Even I wondered about it, sometimes. Briefly, I'd tried painting pretty landscapes. They were awful.
For nearly a year, I'd thought I was crazy and tried not to paint at all. That had been a rough year. The images fought to get out. I had to paint. I had no choice.
Eventually, I surrendered to the urge, the need, the passion, whatever you want to call it. No matter how grim the subject was, no matter how stark the reality, when I thought of it, I had to paint it. The act of painting wasn't pleasant.
"Mr. Breck," McBain said. "I'd like to discuss your work further. Perhaps we could get together tomorrow, at my office?"
"If you like," I said, glancing from him to Roger Thomas. When I saw Thomas die, it had reminded me of the way I get the images I paint, only stronger. I wanted to tell him what I'd seen. I didn't because he'd think I was deranged. Hell, I was wondering that myself. It was one thing to paint this stuff. But to have wide-awake dreams of winged things committing murder ... maybe not even murder. Maybe it figured Thomas was part of the food chain ....
"Say about nine o'clock," McBain said. "You could also bring that list of all the places where you left announcements about the show."
He gave me a business card and they left.
It wasn't much of a surprise that the opening was a flop. Thirty or so people came in for a look but nobody bought anything. One woman actually asked me why I had the gall to think anyone would want to live with one of my paintings in their home. She said that every time she looked at one, she wanted to have a shower. Another woman said that if she had thoughts and fantasies like mine, she wouldn't be showing them to the world, she'd be hiding them in shame.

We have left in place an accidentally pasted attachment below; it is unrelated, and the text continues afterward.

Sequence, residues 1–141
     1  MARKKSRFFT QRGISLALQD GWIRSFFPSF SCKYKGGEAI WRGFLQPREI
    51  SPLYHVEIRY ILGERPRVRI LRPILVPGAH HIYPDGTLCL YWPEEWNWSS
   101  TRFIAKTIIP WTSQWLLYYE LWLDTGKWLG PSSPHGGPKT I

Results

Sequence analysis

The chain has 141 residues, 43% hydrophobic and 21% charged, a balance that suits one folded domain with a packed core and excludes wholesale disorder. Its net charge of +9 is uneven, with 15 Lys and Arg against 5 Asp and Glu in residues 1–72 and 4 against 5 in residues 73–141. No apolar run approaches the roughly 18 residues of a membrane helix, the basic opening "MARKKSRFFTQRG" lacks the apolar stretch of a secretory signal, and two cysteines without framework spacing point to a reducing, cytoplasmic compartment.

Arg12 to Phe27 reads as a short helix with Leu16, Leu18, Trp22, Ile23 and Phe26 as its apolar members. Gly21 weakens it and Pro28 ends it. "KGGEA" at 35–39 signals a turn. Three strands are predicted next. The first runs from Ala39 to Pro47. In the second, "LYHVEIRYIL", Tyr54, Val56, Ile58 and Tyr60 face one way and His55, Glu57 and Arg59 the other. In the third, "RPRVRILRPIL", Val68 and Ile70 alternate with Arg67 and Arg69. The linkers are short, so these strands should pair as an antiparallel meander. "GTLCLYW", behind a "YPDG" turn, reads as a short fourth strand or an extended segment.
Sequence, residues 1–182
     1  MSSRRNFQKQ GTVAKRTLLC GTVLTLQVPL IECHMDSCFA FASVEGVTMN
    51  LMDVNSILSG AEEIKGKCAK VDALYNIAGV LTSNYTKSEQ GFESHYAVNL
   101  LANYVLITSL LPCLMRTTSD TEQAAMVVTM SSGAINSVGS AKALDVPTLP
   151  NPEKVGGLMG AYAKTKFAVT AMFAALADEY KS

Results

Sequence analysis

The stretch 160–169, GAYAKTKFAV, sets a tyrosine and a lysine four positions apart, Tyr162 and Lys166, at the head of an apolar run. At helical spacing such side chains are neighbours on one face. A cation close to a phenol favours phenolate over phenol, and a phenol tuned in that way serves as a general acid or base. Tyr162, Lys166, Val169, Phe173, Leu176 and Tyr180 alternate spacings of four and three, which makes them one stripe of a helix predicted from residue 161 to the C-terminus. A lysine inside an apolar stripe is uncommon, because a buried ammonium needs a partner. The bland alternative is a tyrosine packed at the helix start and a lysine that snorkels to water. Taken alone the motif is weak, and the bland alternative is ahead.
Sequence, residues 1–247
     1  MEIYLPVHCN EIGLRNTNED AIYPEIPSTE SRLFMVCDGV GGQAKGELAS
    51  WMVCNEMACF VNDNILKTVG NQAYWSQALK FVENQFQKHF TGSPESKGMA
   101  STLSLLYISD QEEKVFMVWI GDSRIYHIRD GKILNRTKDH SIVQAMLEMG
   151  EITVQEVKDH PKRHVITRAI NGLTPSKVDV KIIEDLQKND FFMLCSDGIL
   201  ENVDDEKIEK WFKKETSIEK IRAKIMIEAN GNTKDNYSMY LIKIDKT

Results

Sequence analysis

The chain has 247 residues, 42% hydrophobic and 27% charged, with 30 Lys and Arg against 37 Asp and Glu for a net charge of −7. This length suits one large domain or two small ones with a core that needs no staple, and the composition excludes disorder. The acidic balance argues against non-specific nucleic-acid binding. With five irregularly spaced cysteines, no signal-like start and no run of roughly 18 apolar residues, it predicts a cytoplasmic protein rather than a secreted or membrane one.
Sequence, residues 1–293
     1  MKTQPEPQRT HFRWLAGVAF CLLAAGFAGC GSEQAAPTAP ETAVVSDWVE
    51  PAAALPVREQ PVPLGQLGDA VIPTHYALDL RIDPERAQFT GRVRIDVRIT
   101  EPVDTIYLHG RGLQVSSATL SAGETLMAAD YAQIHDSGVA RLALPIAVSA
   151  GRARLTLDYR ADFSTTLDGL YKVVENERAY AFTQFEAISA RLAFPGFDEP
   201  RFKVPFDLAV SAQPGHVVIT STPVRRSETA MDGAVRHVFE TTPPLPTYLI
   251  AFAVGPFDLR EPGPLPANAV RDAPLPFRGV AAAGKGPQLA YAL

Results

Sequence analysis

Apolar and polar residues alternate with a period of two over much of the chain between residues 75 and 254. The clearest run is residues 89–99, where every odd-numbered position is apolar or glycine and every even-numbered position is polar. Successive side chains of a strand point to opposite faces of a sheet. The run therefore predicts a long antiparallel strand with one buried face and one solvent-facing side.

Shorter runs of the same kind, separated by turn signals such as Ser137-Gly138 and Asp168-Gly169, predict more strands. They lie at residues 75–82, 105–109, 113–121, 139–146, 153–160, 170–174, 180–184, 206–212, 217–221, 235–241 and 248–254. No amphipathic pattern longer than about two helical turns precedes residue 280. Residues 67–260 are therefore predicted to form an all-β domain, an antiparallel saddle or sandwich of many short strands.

Maybe she had a point.
Most of my teenage life had been spent in and out of hospitals while the doctors tried to discover what was wrong with me. After the first seizure, which hit with the onset of puberty, they put me through a battery of tests and announced that I wasn't epileptic. My parents demanded to know what I was. The doctors had me in for more tests and failed to find anything physically wrong with me.
The shrinks came next. My parents demanded to know why my artwork was so morbid. The shrinks said it was because the seizures were affecting my outlook on life. My parents demanded to know why I was having the seizures. They said I should try this new drug...
At eighteen, I refused to see any more doctors. I put up with the attacks, which hit seven or eight times a year, and carried on painting, struggling along for the next twenty years, working odd jobs, getting better and better with the paint. No galleries would show my stuff but I found a few shops that would, shops that catered to unusual tastes. People hardly ever bought my work. I'd never displayed more than one or two pieces at a time until I became involved with this co-op gallery. They had to let me have a show. I owned part of the gallery.
Some of the other artists were already complaining about my work being on the walls.
Alone in the gallery after the people were gone, I looked around and couldn't blame them.
The stuff was hard to like.
I'd always felt driven to show it. I fought the compulsion, not understanding it, but it usually won.
Maybe I should have fought harder. Then I wouldn't have been standing alone in that gallery, feeling all down and crappy while I replayed the dream of Roger Thomas and pondered some of the nasty comments people had made.